Rose gathered from that look, as much as from the words, who thevisitor was. She made a dart after Jacintha. But the room was along one, and the baroness intercepted her: "No," said she, gravely,"I cannot spare you."Rose stood pale and panting, but almost defiant. "Mamma," said she,"if it is Monsieur Riviere, I MUST ask your leave to retire. Andyou have neither love nor pity, nor respect for me, if you detainme.""Mademoiselle!" was the stern reply, "I FORBID you to move. Be goodenough to sit there;" with which the baroness pointed imperiously toa sofa at the other side of the room. "Josephine, go to your room."Josephine retired, casting more than one anxious glance over hershoulder.Rose looked this way and that in despair and terror; but ended bysinking, more dead than alive, into the seat indicated; and even asshe drooped, pale and trembling, on that sofa, Edouard Riviere, wornand agitated, entered the room, and bowed low to them all, without aword.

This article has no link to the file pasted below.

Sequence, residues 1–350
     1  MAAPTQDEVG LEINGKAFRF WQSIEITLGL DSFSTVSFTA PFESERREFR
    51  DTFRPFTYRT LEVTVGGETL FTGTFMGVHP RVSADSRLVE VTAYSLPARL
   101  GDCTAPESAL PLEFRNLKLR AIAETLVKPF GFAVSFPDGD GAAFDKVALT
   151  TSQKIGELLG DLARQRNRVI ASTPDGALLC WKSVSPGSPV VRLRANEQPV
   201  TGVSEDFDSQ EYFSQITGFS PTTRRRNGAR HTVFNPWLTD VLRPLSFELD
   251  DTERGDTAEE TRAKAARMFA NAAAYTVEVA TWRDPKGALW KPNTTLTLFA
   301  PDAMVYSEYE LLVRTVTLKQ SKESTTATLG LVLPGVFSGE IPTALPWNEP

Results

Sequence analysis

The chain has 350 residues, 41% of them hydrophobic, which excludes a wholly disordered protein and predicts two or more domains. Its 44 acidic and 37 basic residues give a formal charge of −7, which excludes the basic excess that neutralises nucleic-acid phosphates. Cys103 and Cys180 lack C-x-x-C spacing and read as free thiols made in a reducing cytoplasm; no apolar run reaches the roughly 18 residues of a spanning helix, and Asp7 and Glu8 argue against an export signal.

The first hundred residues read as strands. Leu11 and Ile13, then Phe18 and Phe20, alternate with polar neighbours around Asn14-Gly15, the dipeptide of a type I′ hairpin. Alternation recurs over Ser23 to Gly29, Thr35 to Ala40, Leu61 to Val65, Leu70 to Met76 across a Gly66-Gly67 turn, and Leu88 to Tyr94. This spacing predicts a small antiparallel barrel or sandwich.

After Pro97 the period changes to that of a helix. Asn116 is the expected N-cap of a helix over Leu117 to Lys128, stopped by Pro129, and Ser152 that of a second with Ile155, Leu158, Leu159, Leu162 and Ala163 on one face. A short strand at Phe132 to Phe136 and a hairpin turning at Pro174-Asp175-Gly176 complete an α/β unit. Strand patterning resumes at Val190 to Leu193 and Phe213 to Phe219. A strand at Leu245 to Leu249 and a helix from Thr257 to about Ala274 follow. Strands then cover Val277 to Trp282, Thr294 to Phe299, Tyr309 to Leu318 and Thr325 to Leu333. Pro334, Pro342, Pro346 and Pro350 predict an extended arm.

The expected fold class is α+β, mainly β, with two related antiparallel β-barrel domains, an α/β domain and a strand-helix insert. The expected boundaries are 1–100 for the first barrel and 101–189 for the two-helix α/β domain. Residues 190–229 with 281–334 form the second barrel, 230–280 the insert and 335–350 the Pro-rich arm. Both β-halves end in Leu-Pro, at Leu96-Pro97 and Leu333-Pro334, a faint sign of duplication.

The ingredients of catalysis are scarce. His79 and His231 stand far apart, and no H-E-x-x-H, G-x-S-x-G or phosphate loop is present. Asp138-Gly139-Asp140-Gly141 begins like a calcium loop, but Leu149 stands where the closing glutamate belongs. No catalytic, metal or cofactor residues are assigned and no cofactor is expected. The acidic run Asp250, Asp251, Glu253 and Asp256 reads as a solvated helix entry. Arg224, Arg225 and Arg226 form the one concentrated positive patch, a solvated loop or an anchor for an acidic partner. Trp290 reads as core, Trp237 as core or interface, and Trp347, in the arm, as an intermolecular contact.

The baroness looked at him, and then at her daughter, as much as tosay, now I have got you; deceive me now if you can. "Rose, mydear," said this terrible old woman, affecting honeyed accents,"don't you see Monsieur Riviere?"The poor girl at this challenge rose with difficulty, and courtesiedhumbly to Edouard.He bowed to her, and stealing a rapid glance saw her pallor anddistress; and that showed him she was not so hardened as he hadthought.